Images courtesy of LAIKA

Fast facts on LAIKA's "Kubo and the Two Strings"

Last modification: 22 Feb, 2018
6 mins

The much-anticipated, stop-motion samurai adventure, Kubo and the Two Strings, is, according to LAIKA’s own Michael Laubach, "the most epic thing" the studio has ever done.

Laubach, Senior Technical Director-Lead Rigger, Rapid Prototyping Department, recently took part in Autodesk’s Vision Series at SIGGRAPH 2016, giving us a preview of just a fraction of the work that went into this ambitious and innovative film. A lot was covered, but here are a few fast facts worth knowing about the Travis Knight directed, Kubo and the Two Strings.

1/ Kubo’s head was more complicated than you think.


Over 70 (really teeny) parts went into it, in fact, and many were smaller than a penny. Some were created in a CNC system using Autodesk Inventor, some were 3D printed, and some are "plain old hardware and screws."

2/ And his face is absolutely extraordinary.

LAIKA's always working on increasing the subtlety of facial animation and they’ve definitely come a long, long way: For their circa 2009 character, Coraline, they printed 6,333 individual faces, split up between brows and mouth, affording over 207,000 possible face combinations. Kubo however, has a whopping 22,340 individual faces (also split between the brows and mouth), affording – drum roll, please – 45 million different facial poses.

3/ The Giant Skeleton is a truly massive achievement.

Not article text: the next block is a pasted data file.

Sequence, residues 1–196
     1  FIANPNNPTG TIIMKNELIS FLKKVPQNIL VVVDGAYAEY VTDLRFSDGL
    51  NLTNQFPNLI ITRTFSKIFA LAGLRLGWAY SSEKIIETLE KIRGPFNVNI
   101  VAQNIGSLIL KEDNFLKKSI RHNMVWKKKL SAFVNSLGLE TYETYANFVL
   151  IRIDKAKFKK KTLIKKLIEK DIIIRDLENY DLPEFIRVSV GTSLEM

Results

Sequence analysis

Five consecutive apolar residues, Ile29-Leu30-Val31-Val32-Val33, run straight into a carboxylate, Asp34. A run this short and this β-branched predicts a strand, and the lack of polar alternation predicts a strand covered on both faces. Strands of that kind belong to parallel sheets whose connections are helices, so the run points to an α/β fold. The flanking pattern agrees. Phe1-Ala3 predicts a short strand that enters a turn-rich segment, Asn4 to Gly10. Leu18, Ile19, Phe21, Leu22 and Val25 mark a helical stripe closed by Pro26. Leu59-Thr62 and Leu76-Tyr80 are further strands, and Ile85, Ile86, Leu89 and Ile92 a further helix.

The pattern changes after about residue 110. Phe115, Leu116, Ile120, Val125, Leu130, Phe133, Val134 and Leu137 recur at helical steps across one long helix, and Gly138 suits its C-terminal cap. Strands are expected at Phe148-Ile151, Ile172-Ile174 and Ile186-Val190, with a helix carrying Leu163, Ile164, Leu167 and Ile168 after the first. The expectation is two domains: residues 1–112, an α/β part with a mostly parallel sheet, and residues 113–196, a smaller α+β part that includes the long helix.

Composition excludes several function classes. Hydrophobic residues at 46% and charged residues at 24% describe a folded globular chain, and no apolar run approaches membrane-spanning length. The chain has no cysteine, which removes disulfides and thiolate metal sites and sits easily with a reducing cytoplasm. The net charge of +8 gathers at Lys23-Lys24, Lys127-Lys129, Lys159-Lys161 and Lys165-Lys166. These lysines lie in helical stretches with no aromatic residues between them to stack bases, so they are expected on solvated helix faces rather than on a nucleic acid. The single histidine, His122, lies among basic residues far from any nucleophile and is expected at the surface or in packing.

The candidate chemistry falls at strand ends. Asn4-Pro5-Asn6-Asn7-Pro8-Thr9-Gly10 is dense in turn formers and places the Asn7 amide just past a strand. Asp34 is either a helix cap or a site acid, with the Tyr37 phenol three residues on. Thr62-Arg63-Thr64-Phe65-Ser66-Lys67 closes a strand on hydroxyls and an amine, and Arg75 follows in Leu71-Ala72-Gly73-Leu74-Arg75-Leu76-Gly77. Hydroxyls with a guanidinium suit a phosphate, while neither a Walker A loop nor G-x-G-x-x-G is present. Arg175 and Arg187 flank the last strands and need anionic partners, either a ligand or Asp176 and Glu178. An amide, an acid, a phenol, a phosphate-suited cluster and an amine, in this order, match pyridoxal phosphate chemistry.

Machined in-house with 3D-printed parts made in Maya, he’s the largest stop-motion puppet ever created, standing over 18 feet tall with an incredible 24-foot wingspan. LAIKA also had a 1/6th scale version that was used for full-body animation.

4/ Moon Beast has a color that's no color at all.

The very first character made entirely in LAIKA’s Rapid Prototyping Department, Kubo’s primary antagonist, Moon Beast, is a puppet entirely 3D-printed on the Resin printer. His simple coloration is kept to mostly black and white but one color is actually not a color at all: translucent.

"We made red channel of the texture map to drive the material for the translucency so that when a texture artist was painting it, it would be very clear where the translucency would be. They did some fantastic post-processing in VFX also to amplify some of that – UV light paths and some pretty awesome imagery."

5/ Maya 2014 ultimately made making Kubo easier.

Calling it a "godsend," Michael claims that Maya 2014 changed the way they did things at LAIKA, paving the way for how they would go on to preview geometries exported to previs on Kubo.

"Maya 2014 came with a Boolean toolset that uses the Carve library and allows for fast and very reliable Boolean operations,” says Michael. So, when it came to previewing Kubo’s series of faces with changing topology – since Maya is well integrated with the Alembic System – they’d export each frame on a timeline, then use the Alembic stitch tool to stitch a series of Alembic files together. According to Michael, this was "a game changer.

Michael Laubach, Senior Technical Director-Lead Rigger in LAIKA’s Rapid Prototyping Department has worked in the entertainment industry for nearly twenty years as a character TD 
modeler and visual FX artist. His credits include 'Kubo and the Two Strings' (2016), 'Coraline' (2009), 'ParaNorman' (2012), and 'The Boxtrolls' (2014).

Fast fact about Michael: He says that one thing he loves about Maya is that, “I get to use all these strange little tools that I think are kind of forgotten and have a little dust on them – but man, they’ve saved our lives so many times.”

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